Post-Adolescent Vampire Obsession Syndrome: Or, how my Twilight obsession ended before The Twilight Saga: Breaking Dawn - Part I hit theaters | Film | Bend | The Source Weekly - Bend, Oregon
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Post-Adolescent Vampire Obsession Syndrome: Or, how my Twilight obsession ended before The Twilight Saga: Breaking Dawn - Part I hit theaters 

Time to turn your back on Twilight saga.

I would personally like to apologize for the reviews I wrote for both The Twilight Saga: New Moon and The Twilight Saga: Eclipse. I don't know what exactly came over me that I would rave on and on about how good both of these films were, but obviously I was under the influence of something. Let's call it Post-Adolescent Vampire Obsession Syndrome (or PAVOS, which coincidentally is Spanish for "turkeys," and it's what all of us who latched onto this ridiculous series were for having so mindlessly obsessed over it for the past few years).

All I know is that during the height of my Twihard-ed obsession, my 15-year-old self would have seriously kicked my current self's ass. How does one go from making fun of Edward's sparkling skin to giving the last two movies each four out of five stars? I feel as though perhaps my mind melted and my time spent studying and adoring the art of cinema was tossed aside for a teenage vampire love story that throws both feminism and self respect out the window.

What happened between the release of Eclipse and The Twilight Saga: Breaking Dawn-Part I to lead this once self-proclaimed Twihard to flip her switch on the entire series? The way I see it, myself, and other educated women (or people, rather) who at the time bought into the hype of teenage vampire pandemonium, have always been on the fringe - in that we know better than to like these films, but soaked in the escape from reality anyway. The biggest mistake the studio responsible for the Twilight films made was waiting a year and a half between Eclipse and Breaking Dawn. For those of us on the fringe, we were given time to come out of our Twilight-obsessed haze. When it comes down to it though, the studios don't care about those of us on the outskirts - they made these movies from young adult novels, and they are directed toward the teenage fan-girl demographic.

That's why I did my fair share of laughing during Breaking Dawn Part I. What I liked best about Breaking Dawn the book comes when Bella (Kristen Stewart) finally becomes a vampire, but we don't really get to that in this installation. The whole premise of Breaking Dawn is just flat out ridiculous. Bella and Edward (Robert Pattinson) get married and she subsequently gets knocked up - by a vampire. You know, someone who is supposed to be DEAD! And to top it all off, she gives her offspring the stupidest name on the planet. Seriously, Stephanie Meyer? Reneesme? That's the best you could come up with?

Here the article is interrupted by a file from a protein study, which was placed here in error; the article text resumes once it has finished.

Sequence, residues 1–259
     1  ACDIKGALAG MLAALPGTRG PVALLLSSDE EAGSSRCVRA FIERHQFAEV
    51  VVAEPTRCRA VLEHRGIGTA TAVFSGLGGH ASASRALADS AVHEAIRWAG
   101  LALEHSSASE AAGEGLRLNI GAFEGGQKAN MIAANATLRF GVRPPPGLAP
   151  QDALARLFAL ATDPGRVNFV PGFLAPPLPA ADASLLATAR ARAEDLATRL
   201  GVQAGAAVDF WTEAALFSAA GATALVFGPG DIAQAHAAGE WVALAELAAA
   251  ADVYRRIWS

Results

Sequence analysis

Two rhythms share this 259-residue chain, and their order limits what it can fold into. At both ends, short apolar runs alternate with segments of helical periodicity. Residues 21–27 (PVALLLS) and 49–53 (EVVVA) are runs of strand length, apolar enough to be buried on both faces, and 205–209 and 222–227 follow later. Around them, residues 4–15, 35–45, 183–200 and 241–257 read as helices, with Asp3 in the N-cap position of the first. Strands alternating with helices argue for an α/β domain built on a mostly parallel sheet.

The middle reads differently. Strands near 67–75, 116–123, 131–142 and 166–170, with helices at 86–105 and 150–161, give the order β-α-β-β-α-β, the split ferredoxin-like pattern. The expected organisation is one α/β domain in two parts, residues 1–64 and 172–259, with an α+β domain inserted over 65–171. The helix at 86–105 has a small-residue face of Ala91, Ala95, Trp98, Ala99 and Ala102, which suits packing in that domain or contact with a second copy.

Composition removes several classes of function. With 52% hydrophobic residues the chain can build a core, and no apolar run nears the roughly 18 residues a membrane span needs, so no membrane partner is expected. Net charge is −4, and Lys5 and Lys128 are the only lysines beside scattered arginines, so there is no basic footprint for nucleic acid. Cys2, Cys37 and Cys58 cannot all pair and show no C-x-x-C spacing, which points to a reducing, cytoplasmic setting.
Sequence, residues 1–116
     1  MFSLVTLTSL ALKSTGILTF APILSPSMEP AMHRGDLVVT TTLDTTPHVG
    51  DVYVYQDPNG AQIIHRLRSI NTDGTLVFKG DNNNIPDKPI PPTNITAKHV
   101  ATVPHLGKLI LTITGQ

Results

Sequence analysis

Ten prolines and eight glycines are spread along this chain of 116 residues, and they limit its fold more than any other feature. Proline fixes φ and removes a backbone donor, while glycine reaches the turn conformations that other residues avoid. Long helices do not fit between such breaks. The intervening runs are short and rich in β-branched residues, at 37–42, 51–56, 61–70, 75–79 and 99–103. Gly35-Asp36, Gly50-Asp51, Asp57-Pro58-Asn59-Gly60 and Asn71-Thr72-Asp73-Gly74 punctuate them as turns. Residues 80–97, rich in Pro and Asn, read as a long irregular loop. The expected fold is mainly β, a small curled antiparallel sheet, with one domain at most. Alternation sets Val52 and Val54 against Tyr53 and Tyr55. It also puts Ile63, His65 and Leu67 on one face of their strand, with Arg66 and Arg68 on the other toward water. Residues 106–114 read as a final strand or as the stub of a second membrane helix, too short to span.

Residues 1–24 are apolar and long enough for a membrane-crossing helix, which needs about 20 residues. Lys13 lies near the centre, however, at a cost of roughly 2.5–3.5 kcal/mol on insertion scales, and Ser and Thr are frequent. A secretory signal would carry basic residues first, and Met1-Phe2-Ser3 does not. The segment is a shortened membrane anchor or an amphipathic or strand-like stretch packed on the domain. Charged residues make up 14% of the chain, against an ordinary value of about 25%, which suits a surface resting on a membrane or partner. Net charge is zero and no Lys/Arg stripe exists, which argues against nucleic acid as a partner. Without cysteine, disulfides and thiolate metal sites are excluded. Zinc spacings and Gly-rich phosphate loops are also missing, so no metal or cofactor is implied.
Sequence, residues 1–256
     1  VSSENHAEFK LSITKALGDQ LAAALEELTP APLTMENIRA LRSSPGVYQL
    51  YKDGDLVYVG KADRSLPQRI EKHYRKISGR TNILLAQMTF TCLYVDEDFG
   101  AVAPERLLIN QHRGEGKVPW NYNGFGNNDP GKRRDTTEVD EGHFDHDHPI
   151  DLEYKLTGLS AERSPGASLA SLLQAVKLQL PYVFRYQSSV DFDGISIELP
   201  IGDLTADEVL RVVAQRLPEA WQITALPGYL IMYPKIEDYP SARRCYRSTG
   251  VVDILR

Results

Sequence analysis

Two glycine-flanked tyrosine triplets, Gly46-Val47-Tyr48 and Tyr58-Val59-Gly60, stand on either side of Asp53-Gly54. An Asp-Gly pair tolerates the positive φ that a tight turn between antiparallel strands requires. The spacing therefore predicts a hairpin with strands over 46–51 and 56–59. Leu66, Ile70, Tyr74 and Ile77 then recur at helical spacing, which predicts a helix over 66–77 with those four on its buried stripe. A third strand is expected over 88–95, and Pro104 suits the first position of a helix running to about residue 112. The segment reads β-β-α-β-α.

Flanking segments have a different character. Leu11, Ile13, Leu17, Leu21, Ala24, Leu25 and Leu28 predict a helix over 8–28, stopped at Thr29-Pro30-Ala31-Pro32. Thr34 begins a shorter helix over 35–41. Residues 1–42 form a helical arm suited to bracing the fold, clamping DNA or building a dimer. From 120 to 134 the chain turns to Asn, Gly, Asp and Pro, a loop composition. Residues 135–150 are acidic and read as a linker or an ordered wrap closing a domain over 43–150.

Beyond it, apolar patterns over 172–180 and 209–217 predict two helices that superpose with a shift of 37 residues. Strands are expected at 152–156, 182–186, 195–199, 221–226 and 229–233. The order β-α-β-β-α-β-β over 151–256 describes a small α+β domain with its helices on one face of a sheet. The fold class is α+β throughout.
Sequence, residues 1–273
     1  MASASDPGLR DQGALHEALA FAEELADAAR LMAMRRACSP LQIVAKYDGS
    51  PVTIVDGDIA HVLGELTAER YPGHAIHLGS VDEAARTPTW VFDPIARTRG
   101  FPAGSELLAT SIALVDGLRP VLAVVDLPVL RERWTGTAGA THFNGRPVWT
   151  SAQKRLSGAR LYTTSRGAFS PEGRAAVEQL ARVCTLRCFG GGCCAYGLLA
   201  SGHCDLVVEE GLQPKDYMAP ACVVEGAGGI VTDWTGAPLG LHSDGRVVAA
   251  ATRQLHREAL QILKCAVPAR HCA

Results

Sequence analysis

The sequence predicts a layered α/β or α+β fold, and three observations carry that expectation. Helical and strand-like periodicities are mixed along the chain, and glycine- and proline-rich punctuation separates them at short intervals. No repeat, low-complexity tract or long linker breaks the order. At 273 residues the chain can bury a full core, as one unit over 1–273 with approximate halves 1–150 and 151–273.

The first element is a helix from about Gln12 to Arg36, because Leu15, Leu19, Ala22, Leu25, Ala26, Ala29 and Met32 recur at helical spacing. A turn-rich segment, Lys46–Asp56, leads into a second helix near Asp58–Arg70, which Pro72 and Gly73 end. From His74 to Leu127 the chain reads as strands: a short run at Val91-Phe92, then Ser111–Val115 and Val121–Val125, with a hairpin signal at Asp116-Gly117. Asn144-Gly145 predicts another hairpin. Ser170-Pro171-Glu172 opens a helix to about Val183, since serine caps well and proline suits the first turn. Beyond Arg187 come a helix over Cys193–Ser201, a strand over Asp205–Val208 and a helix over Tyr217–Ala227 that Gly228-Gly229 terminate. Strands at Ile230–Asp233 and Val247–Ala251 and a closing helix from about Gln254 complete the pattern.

Talking with a friend the other day, she asked me, "Don't you remember Bella being more witty in the books?" One of the greatest problems about Bella in the films comes in her constant melancholy brooding. She lacks the personality she has in the books, which is disappointing. In Breaking Dawn the film, at her own wedding Bella looks more dead inside than any of the vampires in attendance. My favorite Bella moment of the whole film, however, comes when she takes her "human minute" to prepare to get down and dirty with Edward for the first time. She's more animated here than at any other time in the entire series.

Is it a coincidence that three of the four Twilight movies thus far have been released just before Thanksgiving (aka Turkey Day)? Those of us who, for the last three years, have suffered from PAVOS, have gobbled our little hearts out about the Edward-Bella-Jacob love triangle. But just as with all turkeys, our gobbling must come to an end and once the tryptophan-induced drowsiness wears off, we all wake up and see how terrible these movies really are.

The Twilight Saga: Breaking Dawn - Part I

2 Stars

Starring Kristen Stewart, Robert Pattinson, Taylor Lautner

Directed by Bill Condon

Rated PG-13

About The Author

Anne Pick

Music Writer | The Source Weekly
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